Showpiece and utility: eighteenth-century neapolitan staircases
Eighteenth-century Neapolitan staircases present a shift from the traditional, monumental Baroque palace stairs towards the staircase that is serving four, five or more levels of apartments of different social standing. While prefiguring stairs in modern apartment buildings, they solve issues of aristocratic etiquette as well as practical plan arrangements. They are showpiece and utility in one.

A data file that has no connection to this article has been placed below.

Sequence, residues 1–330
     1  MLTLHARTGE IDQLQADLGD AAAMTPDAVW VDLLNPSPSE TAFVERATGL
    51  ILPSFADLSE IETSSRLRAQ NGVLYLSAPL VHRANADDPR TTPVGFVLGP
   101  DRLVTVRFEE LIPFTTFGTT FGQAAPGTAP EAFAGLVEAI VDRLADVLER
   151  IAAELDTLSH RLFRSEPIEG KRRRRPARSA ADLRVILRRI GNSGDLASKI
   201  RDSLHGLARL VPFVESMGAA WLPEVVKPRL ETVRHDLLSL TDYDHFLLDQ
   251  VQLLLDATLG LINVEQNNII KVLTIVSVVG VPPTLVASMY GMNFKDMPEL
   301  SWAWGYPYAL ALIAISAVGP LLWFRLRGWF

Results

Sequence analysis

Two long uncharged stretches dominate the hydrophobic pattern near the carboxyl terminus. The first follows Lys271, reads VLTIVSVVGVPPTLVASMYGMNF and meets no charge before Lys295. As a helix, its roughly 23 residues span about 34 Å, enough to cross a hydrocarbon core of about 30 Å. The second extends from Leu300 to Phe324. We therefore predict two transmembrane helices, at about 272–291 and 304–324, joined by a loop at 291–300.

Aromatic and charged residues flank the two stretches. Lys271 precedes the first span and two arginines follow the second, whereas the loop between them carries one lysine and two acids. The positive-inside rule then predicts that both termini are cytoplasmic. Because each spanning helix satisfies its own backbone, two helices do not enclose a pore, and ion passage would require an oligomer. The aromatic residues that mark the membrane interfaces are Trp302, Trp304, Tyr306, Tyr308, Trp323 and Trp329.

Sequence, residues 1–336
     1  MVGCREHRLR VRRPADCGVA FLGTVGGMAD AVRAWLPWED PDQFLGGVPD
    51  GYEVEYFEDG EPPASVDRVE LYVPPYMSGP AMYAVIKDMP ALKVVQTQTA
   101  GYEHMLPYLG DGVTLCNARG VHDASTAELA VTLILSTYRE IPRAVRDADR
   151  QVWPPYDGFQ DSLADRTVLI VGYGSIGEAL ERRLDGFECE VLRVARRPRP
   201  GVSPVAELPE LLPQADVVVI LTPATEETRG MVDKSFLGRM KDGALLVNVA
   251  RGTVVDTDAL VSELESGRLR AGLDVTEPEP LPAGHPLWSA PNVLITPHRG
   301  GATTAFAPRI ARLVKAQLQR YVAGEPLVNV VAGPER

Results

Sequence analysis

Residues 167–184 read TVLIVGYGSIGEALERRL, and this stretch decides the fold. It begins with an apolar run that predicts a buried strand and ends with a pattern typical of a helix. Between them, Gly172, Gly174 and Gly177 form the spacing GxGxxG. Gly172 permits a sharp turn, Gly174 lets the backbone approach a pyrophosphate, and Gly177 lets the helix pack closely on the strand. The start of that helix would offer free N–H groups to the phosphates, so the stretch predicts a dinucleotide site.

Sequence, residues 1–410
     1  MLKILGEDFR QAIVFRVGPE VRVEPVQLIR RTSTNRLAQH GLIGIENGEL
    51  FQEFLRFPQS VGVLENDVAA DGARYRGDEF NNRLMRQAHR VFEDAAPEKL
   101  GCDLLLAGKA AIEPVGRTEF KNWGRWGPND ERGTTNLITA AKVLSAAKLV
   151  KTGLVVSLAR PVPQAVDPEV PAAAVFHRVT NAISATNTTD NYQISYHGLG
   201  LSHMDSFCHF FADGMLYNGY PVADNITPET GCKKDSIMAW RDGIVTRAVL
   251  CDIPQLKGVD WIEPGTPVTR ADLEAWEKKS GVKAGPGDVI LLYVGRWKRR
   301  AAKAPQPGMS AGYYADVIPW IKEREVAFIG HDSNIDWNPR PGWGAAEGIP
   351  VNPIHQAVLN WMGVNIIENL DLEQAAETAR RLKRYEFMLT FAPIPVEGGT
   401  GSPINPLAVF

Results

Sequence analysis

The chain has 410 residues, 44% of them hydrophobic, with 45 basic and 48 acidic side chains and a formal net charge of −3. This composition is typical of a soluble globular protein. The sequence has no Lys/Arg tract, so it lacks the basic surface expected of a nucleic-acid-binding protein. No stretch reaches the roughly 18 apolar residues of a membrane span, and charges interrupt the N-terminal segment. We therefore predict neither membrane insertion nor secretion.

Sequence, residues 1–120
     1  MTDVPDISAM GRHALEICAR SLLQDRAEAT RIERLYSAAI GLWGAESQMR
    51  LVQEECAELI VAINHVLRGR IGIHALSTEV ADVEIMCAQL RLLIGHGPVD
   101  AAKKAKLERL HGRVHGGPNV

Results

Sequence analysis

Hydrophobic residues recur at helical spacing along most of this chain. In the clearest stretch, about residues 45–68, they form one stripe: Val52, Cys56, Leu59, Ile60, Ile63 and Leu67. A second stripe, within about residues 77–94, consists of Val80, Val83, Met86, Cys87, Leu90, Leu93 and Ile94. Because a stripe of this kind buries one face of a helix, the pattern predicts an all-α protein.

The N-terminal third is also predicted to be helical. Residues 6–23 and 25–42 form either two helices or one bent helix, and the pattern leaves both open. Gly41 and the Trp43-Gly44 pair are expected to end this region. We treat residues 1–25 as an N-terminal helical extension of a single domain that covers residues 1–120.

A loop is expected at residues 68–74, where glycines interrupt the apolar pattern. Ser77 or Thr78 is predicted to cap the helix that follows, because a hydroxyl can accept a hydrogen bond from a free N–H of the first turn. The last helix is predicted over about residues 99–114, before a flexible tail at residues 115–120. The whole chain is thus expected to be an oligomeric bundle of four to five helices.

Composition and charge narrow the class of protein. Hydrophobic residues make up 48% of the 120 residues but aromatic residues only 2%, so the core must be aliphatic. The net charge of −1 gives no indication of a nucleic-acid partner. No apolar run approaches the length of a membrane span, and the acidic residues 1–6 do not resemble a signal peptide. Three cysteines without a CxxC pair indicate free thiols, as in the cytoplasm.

At times grand and imposing, at times cramped in tapered courtyards, these staircases are numerous and disparate in form. This book documents seven of them, by Neapolitan architects such as Ferdinando Sanfelice. It is the outcome of a master seminar in Architectural History at the Department of Architecture and Urban Planning of Ghent University.